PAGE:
Date of Award
Master of Science (MS)
Electrical & Computer Engineering
Electrical and Computer Engineering
Oscar R. González
W. Steven Gray
Thomas E. Alberts
The Modeling and Control for Agile Aircraft Development (MCAAD) group at NASA Langley Research Center(LaRC) is developing techniques for Real-Time Global Modeling (RTGM) and Robust Learning Control (RLC) for NASA’s Transformational Tools and Technologies Project. This project seeks to develop a systematic approach to reduce the iterative nature of aircraft design by introducing a model-less control law and enabling inflight aerodynamic modeling and controller design. The development of the flight control system without prior knowledge of the aircraft aerodynamic model makes use of TakagiSugeno-Kang fuzzy logic inference systems for pitch and roll controllers and are tested in various simulations and wind tunnel platforms. These fuzzy logic controllers are not based on a mathematical model but rather on a rule base of generic flight control laws generated from the designer’s knowledge of aircraft flight mechanics. The controller architecture uses two channels to provide absolute and incremental controller commands as needed. The absolute channel is designed to reject disturbances and decrease rise time, while the incremental channel provides tracking and reduced steady state error. To provide controllers with acceptable performance without the need for tuning, a general method for selecting input and output scaling gains for the fuzzy inference systems is proposed. A performance and robustness comparison of similarly configured Type-1 and Interval Type-2 fuzzy logic controllers is made. The fuzzy logic controllers were implemented on an aircraft model in the NASA Langley 12-Foot low speed tunnel mounted on a free-to-pitch and free-to-roll rig. The development of the controller architectures and wind tunnel results are presented.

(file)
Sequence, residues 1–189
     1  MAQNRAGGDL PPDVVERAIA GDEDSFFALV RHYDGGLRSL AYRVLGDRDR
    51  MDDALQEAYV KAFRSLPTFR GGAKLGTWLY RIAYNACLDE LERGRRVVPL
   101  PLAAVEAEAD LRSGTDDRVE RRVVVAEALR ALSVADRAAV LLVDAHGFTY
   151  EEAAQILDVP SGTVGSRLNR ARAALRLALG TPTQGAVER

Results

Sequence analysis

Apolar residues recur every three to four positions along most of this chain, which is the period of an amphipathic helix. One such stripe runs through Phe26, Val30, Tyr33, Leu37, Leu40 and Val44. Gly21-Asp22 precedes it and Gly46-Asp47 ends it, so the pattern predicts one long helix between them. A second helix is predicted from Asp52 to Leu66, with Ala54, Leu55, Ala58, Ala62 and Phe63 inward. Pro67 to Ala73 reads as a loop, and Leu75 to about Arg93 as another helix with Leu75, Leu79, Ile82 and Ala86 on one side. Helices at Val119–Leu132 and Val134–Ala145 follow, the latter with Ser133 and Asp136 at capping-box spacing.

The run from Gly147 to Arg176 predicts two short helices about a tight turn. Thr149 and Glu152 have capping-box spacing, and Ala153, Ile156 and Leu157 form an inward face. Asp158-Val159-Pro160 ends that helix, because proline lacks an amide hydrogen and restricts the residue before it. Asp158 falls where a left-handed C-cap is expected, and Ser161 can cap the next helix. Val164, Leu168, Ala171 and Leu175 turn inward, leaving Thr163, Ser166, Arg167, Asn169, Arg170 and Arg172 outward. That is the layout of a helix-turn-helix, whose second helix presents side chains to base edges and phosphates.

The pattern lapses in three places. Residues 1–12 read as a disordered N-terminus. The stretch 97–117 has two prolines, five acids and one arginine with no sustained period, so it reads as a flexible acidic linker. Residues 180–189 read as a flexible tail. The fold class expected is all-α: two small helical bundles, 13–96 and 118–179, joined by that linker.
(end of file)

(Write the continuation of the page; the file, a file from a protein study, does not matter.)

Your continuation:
Scott, Christopher M..
"Development of a Fuzzy Logic Model-Less Aircraft Controller"
(2022). Master of Science (MS), Thesis, Electrical & Computer Engineering, Old Dominion University, DOI: 10.25777/tt34-rx13